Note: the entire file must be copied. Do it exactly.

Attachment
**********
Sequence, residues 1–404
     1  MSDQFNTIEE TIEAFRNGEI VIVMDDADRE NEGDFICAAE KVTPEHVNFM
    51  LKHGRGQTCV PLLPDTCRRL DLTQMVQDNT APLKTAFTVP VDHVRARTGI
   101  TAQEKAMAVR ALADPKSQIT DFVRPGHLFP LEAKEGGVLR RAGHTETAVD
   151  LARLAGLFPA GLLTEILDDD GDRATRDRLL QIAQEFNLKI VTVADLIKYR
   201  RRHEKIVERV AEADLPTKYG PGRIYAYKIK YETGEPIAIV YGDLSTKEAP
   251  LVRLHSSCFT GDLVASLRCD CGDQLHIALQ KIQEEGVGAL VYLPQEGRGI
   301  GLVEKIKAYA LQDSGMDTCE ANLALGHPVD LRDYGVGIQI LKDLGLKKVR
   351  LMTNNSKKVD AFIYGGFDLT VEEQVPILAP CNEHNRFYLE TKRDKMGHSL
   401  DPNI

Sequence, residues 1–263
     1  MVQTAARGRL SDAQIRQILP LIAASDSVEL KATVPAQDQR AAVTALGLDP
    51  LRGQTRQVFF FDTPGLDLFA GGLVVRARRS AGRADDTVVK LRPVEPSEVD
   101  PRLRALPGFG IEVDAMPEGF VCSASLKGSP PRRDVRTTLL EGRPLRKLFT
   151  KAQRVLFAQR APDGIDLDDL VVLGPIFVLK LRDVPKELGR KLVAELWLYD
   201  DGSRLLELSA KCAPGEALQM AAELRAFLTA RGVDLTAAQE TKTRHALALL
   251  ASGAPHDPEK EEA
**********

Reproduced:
Sequence, residues 1–404
     1  MSDQFNTIEE TIEAFRNGEI VIVMDDADRE NEGDFICAAE KVTPEHVNFM
    51  LKHGRGQTCV PLLPDTCRRL DLTQMVQDNT APLKTAFTVP VDHVRARTGI
   101  TAQEKAMAVR ALADPKSQIT DFVRPGHLFP LEAKEGGVLR RAGHTETAVD
   151  LARLAGLFPA GLLTEILDDD GDRATRDRLL QIAQEFNLKI VTVADLIKYR
   201  RRHEKIVERV AEADLPTKYG PGRIYAYKIK YETGEPIAIV YGDLSTKEAP
   251  LVRLHSSCFT GDLVASLRCD CGDQLHIALQ KIQEEGVGAL VYLPQEGRGI
   301  GLVEKIKAYA LQDSGMDTCE ANLALGHPVD LRDYGVGIQI LKDLGLKKVR
   351  LMTNNSKKVD AFIYGGFDLT VEEQVPILAP CNEHNRFYLE TKRDKMGHSL
   401  DPNI

Sequence, residues 1–263
     1  MVQTAARGRL SDAQIRQILP LIAASDSVEL KATVPAQDQR AAVTALGLDP
    51  LRGQTRQVFF FDTPGLDLFA GGLVVRARRS AGRADDTVVK LRPVEPSEVD
   101  PRLRALPGFG IEVDAMPEGF VCSASLKGSP PRRDVRTTLL EGRPLRKLFT
   151  KAQRVLFAQR APDGIDLDDL VVLGPIFVLK LRDVPKELGR KLVAELWLYD
   201  DGSRLLELSA KCAPGEALQM AAELRAFLTA RGVDLTAAQE TKTRHALALL
   251  ASGAPHDPEK EEA